First come the fundamentals: prompt, informed and friendly service, but beyond those, lay a nether region of Jedi-like mind tricks for increasing tip intake...
Posted: Saturday, May 30, 2015
1. Repeat a customer’s order aloud.
Do this with every order and you're much less apt to forget or confuse drinks (verbally repeated lists are much easier to remember), and from the customers pov, it seems like you're putting extra care and effort into getting their order right!
2. Don't over-pour.
Don’t? Wait, isn’t it the other way around? Nope, studies conclusively show that a moderate pour size (ie. 1.5 oz v 2.5 oz) will result in selling more drinks in the long run (customers get satiated sooner with larger pours). More drinks = higher check averages = more in tips, as customers tend to tip based on check totals, not their impression of a bartender's generosity.
3. For group orders, place each drink directly in front of the customer who ordered it.
A bartender auctioning off drinks, or simply clustering them in front of customers, appears every bit as unprofessional as when a server (or runner) does it at a table, not to mention the time wasted sorting them out.
4. Offer drink refills before a customer's glass is empty.
On a busy night a bartender will sell A LOT more drinks by offering refills before they empty. Every minute that passes after a drink empties, significantly decreases the likelihood a customer will order another drink.
5. Never solely focus on anyone or anything for an extended period of time.
The best bartenders are usually quick to respond to a customer looking in their direction, as opposed to having to be flagged down. Bartenders that over focus on, say, a hot customer or a playoff game, invariably miss sales and service opportunities.
6. Enjoy being busy-- and hustle your ass off when you are!
Bartenders usually make 70 -80% of their tips during the busiest 20% of the night, yet we so often see bartenders who look totally stressed out and miserable during those peak times. Bartenders should be happy warriors when they're in the weeds, slashing their way out of them with a machete; if they can’t do that, they're probably in the wrong business.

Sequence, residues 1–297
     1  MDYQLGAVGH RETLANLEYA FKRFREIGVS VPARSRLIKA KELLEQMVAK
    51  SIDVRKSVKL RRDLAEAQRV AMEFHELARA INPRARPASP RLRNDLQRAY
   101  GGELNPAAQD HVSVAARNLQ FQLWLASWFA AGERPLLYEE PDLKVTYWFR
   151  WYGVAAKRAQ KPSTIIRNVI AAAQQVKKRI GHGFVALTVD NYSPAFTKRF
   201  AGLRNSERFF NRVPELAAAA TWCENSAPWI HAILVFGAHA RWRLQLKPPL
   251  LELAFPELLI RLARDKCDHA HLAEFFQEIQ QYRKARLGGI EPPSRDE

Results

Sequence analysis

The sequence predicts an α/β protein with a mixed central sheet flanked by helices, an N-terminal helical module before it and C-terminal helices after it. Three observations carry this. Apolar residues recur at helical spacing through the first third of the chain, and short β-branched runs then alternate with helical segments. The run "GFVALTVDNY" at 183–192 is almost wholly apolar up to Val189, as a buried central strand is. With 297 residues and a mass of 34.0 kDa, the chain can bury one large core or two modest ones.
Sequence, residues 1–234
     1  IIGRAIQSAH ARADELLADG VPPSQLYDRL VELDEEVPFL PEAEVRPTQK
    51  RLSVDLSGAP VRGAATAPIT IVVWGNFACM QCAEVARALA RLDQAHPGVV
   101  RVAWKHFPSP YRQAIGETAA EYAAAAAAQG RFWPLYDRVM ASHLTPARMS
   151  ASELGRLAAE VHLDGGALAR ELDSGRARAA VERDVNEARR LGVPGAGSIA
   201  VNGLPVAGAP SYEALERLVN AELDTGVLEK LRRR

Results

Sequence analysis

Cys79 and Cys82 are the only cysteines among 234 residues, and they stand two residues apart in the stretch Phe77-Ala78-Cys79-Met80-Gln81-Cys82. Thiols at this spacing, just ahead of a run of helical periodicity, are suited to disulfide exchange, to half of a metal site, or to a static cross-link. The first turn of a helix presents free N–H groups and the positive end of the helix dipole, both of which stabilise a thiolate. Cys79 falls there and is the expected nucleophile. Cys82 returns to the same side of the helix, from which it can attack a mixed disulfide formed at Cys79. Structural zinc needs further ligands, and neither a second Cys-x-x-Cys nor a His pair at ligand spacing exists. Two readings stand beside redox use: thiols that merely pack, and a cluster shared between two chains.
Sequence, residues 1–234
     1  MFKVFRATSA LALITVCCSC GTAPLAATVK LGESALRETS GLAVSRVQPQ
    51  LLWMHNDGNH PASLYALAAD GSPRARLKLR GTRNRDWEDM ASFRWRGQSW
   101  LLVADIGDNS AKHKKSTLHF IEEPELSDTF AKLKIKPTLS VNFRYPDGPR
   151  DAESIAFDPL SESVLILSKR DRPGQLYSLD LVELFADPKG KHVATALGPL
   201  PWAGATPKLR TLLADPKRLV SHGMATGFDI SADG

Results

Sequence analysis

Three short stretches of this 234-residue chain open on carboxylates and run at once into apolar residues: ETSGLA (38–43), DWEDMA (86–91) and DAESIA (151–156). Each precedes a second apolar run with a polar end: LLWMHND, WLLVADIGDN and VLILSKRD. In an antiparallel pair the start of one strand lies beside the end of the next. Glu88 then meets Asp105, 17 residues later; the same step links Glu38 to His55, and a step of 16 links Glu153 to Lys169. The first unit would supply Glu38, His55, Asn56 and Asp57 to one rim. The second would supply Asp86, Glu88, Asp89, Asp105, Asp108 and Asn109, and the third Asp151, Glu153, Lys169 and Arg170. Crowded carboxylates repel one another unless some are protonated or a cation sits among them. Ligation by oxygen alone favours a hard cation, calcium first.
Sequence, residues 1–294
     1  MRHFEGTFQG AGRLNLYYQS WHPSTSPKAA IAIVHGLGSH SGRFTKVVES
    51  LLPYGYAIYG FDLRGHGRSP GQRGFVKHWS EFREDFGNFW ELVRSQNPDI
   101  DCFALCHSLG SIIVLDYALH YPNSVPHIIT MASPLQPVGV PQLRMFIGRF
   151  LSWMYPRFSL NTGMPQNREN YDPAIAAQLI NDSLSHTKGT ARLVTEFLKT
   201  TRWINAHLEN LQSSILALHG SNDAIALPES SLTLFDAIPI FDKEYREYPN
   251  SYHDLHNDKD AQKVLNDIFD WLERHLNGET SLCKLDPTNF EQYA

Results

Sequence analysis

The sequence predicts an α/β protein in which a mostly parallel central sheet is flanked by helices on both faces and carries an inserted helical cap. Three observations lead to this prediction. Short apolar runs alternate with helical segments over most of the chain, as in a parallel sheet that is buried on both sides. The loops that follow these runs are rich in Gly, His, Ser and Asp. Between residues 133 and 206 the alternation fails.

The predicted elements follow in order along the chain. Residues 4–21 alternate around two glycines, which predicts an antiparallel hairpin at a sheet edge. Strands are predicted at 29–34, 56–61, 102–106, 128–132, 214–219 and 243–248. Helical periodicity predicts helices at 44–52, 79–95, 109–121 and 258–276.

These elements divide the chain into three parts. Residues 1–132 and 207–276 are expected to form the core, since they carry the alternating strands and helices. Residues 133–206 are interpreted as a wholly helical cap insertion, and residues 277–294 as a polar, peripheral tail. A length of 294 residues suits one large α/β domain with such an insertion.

7. Make a show of washing your hands frequently.
Most bartenders don't realize how often they gross out customers behind the bar by NOT washing their hands regularly. After sneezing, blowing your nose, bussing plates/ glassware, eating a sandwich, etc, make a show of washing your hands right away. Every bar has a sink and soap dispenser on hand.
8. Clearly announce comps to patrons.
Don't be coy when comping a customer, otherwise they may not even realize it was deliberate (most drinks are left off tabs inadvertently). Clearly announce the comp when the drink is delivered and include the comp as a line item on their check (as opposed to on a separate comp tab) for maximum effect.
9. Wait expectantly for a tip after placing change down on the bar.
Most bartenders simply dump change in front of a customer then quickly move on. A more profitable approach is to delay turning away, maintaining eye contact and a smile until they separate out the tip. Cheap customers are much less likely to stiff you when you're looking them in the eye, and ones that are marginally generous (Hmm, should i leave one dollar or two?), will step it up a notch, too.
10. Keep print outs of running tabs readily available so checks can be presented without delay.
Even after a flawless night of service, the biggest tip killing mistake a bartender can make is to delay handing over a check. Every minute a customer stands around waiting will weigh against the calculation. We suggest keeping tabs in front of customers (ie. in a rocks glass), but if not, somewhere nearby (ie. in a Rolodex, wrapped around their credit card). And whatever you do, do NOT misplace their credit card, even briefly. That's a total buzz (and tip) killer!